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Last Updated July 7, 2021

Program Overview


Regulatory Policy



Incentive Type:

Appliance/Equipment Efficiency Standards



Start Date:


Expiration Date:


Web Site:

Applicable Sectors:


Eligible Renewable/Other Technologies:



NOTE: The federal government has imposed and updated appliance efficiency standards through several legislative acts,* and now has standards in place or under development for 30 classes of products. In general, states which had set standards prior to federal action may enforce their own standards until the federal standards take effect. States that had not set standards prior to federal action must use the federal standards. This summary addresses (1) state appliance standards that will be in place until the federal standards take effect and (2) products for which the federal government is not currently developing an efficiency standard. Much of the information in this summary comes from the Appliance Standards Awareness Project (ASAP). Visit the ASAP web site for comprehensive information about appliance standards.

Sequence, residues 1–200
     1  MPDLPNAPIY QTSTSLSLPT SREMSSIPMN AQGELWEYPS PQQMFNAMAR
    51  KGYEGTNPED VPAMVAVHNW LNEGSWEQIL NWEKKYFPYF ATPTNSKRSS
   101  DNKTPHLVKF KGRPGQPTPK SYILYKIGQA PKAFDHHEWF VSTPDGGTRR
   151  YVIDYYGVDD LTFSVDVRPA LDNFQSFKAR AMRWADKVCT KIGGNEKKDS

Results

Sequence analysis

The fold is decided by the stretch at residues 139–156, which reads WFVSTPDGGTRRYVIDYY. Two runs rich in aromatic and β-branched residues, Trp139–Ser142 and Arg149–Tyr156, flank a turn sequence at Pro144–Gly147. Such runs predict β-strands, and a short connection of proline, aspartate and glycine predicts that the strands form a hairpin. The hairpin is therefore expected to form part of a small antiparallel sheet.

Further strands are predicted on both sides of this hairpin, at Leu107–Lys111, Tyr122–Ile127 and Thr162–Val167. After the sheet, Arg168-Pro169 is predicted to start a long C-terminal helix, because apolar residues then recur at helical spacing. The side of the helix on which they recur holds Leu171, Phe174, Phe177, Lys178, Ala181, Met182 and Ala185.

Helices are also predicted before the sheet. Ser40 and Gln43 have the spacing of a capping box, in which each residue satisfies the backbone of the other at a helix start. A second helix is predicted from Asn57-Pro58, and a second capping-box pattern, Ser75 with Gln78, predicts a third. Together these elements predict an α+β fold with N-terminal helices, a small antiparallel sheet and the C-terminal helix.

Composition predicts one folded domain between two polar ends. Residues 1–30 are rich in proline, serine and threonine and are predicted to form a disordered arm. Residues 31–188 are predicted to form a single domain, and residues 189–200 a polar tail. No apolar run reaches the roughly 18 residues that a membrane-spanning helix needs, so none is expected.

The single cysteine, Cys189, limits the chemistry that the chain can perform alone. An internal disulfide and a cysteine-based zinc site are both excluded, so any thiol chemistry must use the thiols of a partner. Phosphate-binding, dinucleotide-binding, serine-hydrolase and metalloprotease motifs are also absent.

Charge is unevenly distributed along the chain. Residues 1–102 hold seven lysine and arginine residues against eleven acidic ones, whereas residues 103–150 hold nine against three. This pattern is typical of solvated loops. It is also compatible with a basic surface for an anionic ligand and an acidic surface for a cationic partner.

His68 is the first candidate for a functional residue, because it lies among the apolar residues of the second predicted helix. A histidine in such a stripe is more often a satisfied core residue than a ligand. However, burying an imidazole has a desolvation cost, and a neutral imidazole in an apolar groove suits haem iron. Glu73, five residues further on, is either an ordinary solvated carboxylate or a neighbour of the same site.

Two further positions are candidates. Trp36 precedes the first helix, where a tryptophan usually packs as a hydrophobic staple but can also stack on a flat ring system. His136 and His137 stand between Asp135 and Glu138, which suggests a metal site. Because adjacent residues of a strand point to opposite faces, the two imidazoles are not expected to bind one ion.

Connecticut enacted efficiency standards through legislative actions in 2004 and 2007 and 2011. This law covers the following products that have not been pre-empted by federal standards:
(Dates listed in parenthesis signify the year the standard took effect.)

  • Bottle-type water dispensers (2009)*
  • Commercial hot food holding cabinets (2009)*
  • Hot tubs (2009)*
  • Swimming pool pumps (2010)
  • Compact Audio Equipment (2014)**
  • DVD Players and Recorders (2014)**
  • Televisions (2014)**

The standards apply to products manufactured in Connecticut and sold inside the state. Manufacturers must certify to the Secretary of the Office of Policy Management that products comply with the regulations.

The standards must be reviewed biennially and increased if it is determined that increased efficiency standards would serve to promote energy conservation and would be cost-effective for consumers. Standards for additional products may be adopted if it is determined that they would serve to promote energy conservation in the state, would be cost-effective for consumers, and that multiple products are available which meet such standards.

* These acts include the National Appliance Energy Conservation Act of 1987, the Energy Policy Act of 1992, the Energy Policy Act of 2005, and the Energy Independence and Security Act of 2007.

**Adopted per legislation enacted July 2011 (SB 1243).